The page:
12 May 2022

Using the subset ratio in Qlik to spot errors in key fields

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Checking the subset ratio on key fields is a very good way to spot errors in key field associations in Qlik Sense and QlikView

Every Friday at Bitmetric we’re posting a new Qlik certification practice question to our LinkedIn company page. Last Friday we asked the following Qlik Data Architect certification practice question about subset ratios in Qlik Sense:

A Data Architect checks the data model viewer and finds that the Customer in the Sales table has a subset ratio of 72%. What does this mean?

The correct answer is C: 28% of the CustomerID’s have never placed an order

To validate and check the quality of the data model which you have just created, the data model viewer is an important tool. One of the things you can check here is the subset ratio. The subset ratio is the percentage of present distinct values within that table compared to the total distinct values of the chosen field in the whole data model . To demonstrate this see the following image:

Qlik subset ratio example

In the image above we have selected the key field CustomerID in the Sales table. We can see in the bottom half of the screen that the field CustomerID has a total of 100 distinct values in all tables in the model, not just in the selected table, visible as Total distinct values. By selecting this field within the Sales table however, we see that there are 72 distinct values in this table alone, visible as the Present distinct values. So of all 100 distinct CustomerID’s within all tables we now know that there are 72 distinct CustomerID’s in the Sales table. So by diving these we will receive the subset ratio:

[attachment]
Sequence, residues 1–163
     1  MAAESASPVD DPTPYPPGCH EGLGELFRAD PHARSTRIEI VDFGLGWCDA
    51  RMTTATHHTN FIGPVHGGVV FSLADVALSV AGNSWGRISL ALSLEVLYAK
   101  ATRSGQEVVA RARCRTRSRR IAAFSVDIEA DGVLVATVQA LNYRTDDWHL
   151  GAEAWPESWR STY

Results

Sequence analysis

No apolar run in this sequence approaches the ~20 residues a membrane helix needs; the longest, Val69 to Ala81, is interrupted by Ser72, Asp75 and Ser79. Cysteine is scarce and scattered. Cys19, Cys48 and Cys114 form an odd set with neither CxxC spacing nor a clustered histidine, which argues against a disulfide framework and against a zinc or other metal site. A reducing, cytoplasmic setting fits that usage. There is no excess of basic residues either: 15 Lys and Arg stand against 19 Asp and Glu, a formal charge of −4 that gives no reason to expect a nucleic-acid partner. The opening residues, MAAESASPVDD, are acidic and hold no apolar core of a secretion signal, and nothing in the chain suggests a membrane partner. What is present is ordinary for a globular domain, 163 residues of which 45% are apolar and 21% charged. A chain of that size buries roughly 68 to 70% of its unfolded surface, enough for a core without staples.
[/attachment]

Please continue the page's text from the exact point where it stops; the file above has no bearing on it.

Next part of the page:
Present distinct values / total distinct values = 72 / 100 = 0,72 or 72%

Now knowing that there is a total of 100 values this means that the Customer table must be filled with 100 distinct CustomerID’s. Having a look in the data model viewer confirms this:

Using the data model viewer in Qlik Sense

There are 100 distinct values present in the Customer table. Now by subtracting the 72% of the Sales table of the total 100% we end up with 28% of CustomerID’s in the total model (in this case all present in the Customer table) which have never placed an order.

Other things to keep in mind

Some other things to keep in mind about the subset ratio:

  • What if the subset ratio of the dimension table is also lower then 100%?

If this amount would have been lower there would have been a discrepancy between the Customer table and the Sales table in which both tables would have had values not present in the other. For a fact table it is not uncommon to have a subset ratio of lower then 100%, however a dimension table, like the Customer table in the example, with a subset ratio of less then 100% means that you should have a look at the data in the model. If for example the subset ratio in the Customer table would have been 90%, it means that we have 10% of distinct CustomerID’s present in the Sales table, which are not being matched with a CustomerID in the Customer table.

  • What if the total of the subset ratio’s is 100%?

If the combined total of the subset ratio’s of all tables would be 100% it means that there are no matching values between the tables. Good luck 😉

 That’s it for this week. See you next Friday?

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